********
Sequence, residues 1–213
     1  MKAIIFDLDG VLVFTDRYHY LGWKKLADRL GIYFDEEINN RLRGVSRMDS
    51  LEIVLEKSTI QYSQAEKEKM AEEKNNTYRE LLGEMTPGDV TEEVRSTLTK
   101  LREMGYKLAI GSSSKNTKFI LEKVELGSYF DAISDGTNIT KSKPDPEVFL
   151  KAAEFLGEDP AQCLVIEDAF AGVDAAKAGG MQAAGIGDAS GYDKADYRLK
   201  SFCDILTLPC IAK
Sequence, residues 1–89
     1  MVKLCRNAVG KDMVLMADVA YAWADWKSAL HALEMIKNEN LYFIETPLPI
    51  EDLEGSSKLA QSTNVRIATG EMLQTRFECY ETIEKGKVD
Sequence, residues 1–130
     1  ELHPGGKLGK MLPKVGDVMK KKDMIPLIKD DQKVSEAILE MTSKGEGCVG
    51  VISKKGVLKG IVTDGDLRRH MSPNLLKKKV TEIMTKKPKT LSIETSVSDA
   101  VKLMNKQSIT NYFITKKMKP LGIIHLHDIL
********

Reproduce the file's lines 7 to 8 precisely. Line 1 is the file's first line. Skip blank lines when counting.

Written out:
Sequence, residues 1–89
     1  MVKLCRNAVG KDMVLMADVA YAWADWKSAL HALEMIKNEN LYFIETPLPI